Rather it is curious how hard it seems to be for me right now not to cater to someone when I work — rather than just to express myself

During the summer — I didn't work for anyone — I just sort of went mad usually after the winter — but — now — remember Ive only been working a week — I find myself catering to opinion again — and I think I'll just stop it.

Anita — I just want to tell you lots of things — we all stood and listened to the wind way up in the tops of the pines this afternoon — and I wished you could hear it — I just imagined how your eyes would shine and how you would love it — I haven't found anyone yet who likes to live like we do —

October 11th 1915

Dear Anita

Did you ever have something to say and feel as if the whole side of the wall wouldn't be big enough to say it on and then sit down on the floor and try to get it on to a sheet of charcoal paper — and when you had put it down look at it and try to put into words what you have been trying to say with just marks — and then — wonder what it all is anyway — Ive been crawling around on the floor till I have cramps in my feet — one creation looks too much like T.C. the other too much like soft soap - Maybe the fault is with what Im trying to say — I don't seem to be able to find words for it —

I always have a hard time finding word for anything —

Anita — I wonder if I am a raving lunatic for trying to make these things — You know — I don't care if I am — but I do wonder sometimes.

I wish I could see you — I cant tell you how much I wish it. Im going to try some more — I turned them to the wall while I wrote this — One I made this afternoon — the other tonight — they always seem different when you have been away a little while. I hope you love me a little tonight — I seem to want everybody in the world to — Anita.

I put this in an envelope — stretched and laughed.

Its so funny that I should write you because I want to. I wonder if many people do.... You see — I would go in and talk to you if I could — but I hate to be completely outdone by a little thing like distance.

appended to a letter to Alfred Stieglitz

February 1st 1916

Last night I couldn't sleep till after four in the morning — I had been out to the canyon all afternoon — till late at night — wonderful color — I wish I could tell you how big — and with the night the colors deeper and darker — cattle on the pasture in the bottom looked like little pin heads — I can understand Pa Dow painting his pretty colored canyons — it must have been a great temptation — no wonder he fell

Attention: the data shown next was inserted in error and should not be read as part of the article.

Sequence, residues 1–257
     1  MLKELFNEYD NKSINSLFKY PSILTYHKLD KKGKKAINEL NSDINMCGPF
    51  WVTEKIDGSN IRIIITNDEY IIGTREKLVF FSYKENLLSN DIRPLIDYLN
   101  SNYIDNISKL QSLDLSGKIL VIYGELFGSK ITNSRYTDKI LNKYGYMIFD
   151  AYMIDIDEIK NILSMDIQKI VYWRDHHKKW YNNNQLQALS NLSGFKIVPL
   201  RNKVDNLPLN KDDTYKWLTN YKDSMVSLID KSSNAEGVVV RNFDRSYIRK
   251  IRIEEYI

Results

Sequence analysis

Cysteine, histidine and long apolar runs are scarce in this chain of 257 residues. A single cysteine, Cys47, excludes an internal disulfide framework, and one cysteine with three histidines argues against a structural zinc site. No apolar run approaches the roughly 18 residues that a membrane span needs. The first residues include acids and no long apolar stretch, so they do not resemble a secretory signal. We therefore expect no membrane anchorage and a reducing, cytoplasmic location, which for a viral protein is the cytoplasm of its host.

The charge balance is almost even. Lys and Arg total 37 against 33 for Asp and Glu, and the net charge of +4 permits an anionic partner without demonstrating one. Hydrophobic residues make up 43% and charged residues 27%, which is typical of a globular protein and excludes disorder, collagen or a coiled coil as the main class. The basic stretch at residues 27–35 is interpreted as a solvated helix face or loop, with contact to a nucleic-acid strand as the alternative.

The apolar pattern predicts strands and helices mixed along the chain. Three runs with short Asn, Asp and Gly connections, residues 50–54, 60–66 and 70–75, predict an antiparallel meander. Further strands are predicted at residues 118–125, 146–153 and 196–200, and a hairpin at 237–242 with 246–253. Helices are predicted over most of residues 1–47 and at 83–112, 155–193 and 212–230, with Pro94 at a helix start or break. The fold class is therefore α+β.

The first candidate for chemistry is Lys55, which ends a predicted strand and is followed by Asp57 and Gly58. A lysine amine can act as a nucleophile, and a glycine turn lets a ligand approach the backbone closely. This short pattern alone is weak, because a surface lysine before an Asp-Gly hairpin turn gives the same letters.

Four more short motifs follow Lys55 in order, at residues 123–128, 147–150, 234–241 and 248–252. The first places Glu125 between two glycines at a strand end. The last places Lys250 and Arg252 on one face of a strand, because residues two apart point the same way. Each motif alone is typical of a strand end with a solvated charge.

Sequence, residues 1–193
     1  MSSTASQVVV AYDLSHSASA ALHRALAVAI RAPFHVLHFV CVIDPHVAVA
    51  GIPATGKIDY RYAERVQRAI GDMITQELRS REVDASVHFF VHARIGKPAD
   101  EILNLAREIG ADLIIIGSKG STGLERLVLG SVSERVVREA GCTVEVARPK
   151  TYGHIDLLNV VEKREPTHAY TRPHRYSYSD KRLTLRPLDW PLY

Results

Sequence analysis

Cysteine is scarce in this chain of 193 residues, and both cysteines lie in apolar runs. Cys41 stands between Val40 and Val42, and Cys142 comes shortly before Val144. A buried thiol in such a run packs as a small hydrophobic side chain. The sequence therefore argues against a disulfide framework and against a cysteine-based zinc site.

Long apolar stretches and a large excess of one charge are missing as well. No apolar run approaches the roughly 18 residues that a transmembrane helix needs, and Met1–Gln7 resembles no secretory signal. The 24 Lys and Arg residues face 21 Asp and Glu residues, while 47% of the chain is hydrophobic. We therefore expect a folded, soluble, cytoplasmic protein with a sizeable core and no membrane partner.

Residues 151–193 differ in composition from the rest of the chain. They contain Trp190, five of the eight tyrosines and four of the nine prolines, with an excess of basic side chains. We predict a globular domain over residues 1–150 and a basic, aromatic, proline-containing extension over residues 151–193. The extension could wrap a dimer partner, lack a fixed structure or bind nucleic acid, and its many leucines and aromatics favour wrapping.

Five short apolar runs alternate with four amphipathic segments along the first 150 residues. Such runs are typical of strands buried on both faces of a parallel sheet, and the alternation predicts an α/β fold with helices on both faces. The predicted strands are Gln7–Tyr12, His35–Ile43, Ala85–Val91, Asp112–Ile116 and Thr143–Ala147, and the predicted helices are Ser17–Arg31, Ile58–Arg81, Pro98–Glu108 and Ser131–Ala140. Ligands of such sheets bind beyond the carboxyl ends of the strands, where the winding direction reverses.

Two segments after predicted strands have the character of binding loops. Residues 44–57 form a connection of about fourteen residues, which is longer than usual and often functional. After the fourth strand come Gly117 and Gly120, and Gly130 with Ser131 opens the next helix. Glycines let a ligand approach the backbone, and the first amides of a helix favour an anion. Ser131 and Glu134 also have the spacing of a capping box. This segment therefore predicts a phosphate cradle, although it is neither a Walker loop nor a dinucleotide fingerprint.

Then the moon rose right up out of the ground after we got on the plains again — battered a little where he bumped his head but enormous — There was no mind — it was just big and still — long legged jack rabbits hopping across in front of the light as we passed — A great place to see the nighttime because there is nothing else

Then I came home — not sleepy so I made a pattern of some flowers I had picked — They were like water lilies — white ones — with the quality of smoothness gone

We had a great time riding toward the sunset. He was little and dried up and weather beaten — but he likes living —

A flower is relatively small. Everyone has many associations with a flower — the idea of flowers. You put out your hand to touch the flower — lean forward to smell it — maybe touch it with your lips almost without thinking – or give it to someone to please them. Still — in a way — nobody sees a flower — really — it is so small — we haven’t time — and to see takes time, like to have a friend takes time... 'So I said to myself — I'll paint what I see — what the flower is to me but I’ll paint it big and they will be surprised into taking time to look at it — I will make even busy New Yorkers take time to see what I see of flowers: ‘Well — I made you take time to look at what I saw and when you took time to really notice my flower, you hung all your own associations with flowers on my flower and you write about my flower as if I think and see what you think and see of the flower — and I don’t.

I like you much.
I like knowing the feel of your maleness
and your laugh

— Georgia to Jean Toomer

1934

I am learning something myself — I don’t know exactly what it is —
but if I did — if I could put it clearly into form it would cure you

March 1926